Canadian Forest Service Publications
Expected effects of climate change on forest disturbance regimes in British Columbia. 2012. Haughian, S.R.; Burton, P.J.; Taylor, S.W.; Curry, C.L. BC Journal of Ecosystems and Management 13(1):1–24
Available from: Pacific Forestry Centre
Catalog ID: 33432
CFS Availability: Not available through the CFS (click for more information).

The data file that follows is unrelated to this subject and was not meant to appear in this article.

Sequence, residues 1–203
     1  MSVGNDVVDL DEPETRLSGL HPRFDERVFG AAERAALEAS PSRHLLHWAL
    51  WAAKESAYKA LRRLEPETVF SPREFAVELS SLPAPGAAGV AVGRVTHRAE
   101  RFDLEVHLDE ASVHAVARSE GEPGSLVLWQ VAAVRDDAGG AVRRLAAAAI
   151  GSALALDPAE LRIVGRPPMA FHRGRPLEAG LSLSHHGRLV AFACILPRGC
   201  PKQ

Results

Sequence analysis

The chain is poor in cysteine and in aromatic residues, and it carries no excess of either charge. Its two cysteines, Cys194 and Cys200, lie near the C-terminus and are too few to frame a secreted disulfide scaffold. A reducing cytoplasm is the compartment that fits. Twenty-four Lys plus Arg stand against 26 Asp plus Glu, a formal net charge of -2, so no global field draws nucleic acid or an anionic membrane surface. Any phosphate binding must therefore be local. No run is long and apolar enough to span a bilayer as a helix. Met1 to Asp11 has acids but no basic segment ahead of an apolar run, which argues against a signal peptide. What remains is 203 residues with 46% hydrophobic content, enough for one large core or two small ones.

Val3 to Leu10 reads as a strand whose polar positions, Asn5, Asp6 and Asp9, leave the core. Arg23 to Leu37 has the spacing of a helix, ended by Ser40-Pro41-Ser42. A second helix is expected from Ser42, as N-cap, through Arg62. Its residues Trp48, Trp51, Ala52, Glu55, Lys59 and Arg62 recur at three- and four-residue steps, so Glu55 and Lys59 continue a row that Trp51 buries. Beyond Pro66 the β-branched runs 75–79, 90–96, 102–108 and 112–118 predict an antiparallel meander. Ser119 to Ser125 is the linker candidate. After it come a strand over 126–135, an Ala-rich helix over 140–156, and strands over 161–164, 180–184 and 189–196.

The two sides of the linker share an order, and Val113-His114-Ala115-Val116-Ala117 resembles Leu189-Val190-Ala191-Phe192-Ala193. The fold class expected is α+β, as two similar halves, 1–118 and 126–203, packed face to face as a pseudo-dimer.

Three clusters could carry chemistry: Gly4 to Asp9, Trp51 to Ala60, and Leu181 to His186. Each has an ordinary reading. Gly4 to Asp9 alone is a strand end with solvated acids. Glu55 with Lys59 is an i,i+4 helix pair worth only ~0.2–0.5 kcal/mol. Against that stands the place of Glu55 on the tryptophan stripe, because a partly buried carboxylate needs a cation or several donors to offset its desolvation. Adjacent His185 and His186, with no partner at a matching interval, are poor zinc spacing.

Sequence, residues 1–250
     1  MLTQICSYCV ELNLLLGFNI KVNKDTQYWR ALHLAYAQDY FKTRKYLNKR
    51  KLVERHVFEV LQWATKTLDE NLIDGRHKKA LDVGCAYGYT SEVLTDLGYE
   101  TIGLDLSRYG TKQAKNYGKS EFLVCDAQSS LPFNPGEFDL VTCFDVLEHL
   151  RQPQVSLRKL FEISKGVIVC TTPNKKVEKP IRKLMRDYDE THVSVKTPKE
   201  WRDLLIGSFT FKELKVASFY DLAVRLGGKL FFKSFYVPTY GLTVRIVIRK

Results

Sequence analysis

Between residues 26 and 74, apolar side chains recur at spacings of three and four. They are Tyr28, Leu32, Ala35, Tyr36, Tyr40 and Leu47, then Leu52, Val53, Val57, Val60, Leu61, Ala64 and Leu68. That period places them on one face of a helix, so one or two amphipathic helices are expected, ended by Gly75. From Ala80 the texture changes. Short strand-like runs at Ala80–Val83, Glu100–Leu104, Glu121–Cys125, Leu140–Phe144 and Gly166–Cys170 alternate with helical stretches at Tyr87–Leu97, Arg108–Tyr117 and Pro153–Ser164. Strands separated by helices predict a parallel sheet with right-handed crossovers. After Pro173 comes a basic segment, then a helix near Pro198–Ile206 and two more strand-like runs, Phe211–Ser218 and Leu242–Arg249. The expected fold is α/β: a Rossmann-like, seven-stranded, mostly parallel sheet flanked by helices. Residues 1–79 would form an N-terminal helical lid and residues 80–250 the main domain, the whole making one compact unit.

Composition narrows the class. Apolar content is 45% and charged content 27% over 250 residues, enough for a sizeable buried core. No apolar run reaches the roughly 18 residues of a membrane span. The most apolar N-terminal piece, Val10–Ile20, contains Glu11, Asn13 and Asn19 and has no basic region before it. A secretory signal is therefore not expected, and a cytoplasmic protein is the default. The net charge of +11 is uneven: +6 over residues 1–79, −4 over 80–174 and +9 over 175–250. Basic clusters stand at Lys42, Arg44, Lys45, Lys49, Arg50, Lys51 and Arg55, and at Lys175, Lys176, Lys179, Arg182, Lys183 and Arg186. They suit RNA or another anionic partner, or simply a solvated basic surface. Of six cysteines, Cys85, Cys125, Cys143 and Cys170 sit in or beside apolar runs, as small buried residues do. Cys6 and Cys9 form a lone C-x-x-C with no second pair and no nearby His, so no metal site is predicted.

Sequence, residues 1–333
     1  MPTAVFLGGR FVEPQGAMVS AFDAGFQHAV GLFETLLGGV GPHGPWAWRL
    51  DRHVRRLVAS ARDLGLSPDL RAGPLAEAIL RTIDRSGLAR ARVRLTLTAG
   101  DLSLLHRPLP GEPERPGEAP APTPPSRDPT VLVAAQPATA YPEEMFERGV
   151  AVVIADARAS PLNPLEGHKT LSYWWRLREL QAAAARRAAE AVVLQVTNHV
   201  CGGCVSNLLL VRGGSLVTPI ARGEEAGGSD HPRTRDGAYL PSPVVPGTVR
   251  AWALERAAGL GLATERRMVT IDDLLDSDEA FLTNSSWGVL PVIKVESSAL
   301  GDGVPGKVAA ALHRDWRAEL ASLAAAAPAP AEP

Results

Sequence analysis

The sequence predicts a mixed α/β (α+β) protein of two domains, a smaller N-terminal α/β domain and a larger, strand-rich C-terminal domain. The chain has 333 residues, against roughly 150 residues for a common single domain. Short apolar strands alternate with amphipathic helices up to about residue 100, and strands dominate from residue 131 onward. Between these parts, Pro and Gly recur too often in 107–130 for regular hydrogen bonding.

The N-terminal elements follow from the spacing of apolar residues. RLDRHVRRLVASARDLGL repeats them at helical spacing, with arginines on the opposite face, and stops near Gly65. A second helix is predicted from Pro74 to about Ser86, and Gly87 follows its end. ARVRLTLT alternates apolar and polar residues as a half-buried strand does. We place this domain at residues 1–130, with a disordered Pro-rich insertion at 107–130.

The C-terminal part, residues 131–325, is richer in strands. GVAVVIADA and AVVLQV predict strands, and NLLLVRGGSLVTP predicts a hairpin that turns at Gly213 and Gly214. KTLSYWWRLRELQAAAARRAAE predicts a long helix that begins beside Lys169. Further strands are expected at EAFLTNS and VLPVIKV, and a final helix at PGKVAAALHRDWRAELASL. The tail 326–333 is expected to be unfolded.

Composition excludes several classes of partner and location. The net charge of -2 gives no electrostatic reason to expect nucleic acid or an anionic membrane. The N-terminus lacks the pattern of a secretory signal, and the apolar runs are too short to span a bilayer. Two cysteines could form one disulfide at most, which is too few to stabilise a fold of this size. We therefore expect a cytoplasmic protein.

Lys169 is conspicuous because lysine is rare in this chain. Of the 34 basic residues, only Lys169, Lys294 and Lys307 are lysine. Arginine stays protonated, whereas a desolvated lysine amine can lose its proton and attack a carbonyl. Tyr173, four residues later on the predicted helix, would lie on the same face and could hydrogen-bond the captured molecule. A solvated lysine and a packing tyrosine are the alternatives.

In this article we summarize the changes to forest disturbance regimes and forest damage that are projected to emerge under a changing climate in British Columbia (BC). We focus on regionally-specific expectations so that land managers can take pro-active steps to avoid or adapt to future conditions. While some projections are based on extrapolations of recent multi-decadal trends, most are based on global climate models (GCMs) that utilize a range of scenarios for possible atmospheric greenhouse gas emission trajectories over the next century. Regardless of the models or emission scenarios used, it is universally expected that BC will experience warmer air temperatures. Projections for precipitation are more variable, ranging from slight decreases in some regions to substantial increases in others, which have different effects on disturbance projections. Forest fires are expected to be more frequent and more intense in the southern half of the province and in the Taiga Plains, but less important in other portions of the province. Forest insects and fungal pathogens are expected to more fully occupy the current range of their host tree species and expand ranges northward and to higher elevations along with their hosts. More frequent and more detrimental pest outbreaks are expected in some regions when several years of favourable weather align, which is more likely under current and projected climate trends. Wind damage, floods, and landslides can be expected to increase on terrain where they are already a risk factor. For many agents of tree mortality, an expansion or shifting of the seasonal window of activity is expected, but these changes vary among regions within BC. The prediction of future forest disturbance regimes is in its infancy, requiring a much more concerted effort in compiling both empirical and simulated data, but managers may wish to adjust plans accordingly where there is consensus among projections.
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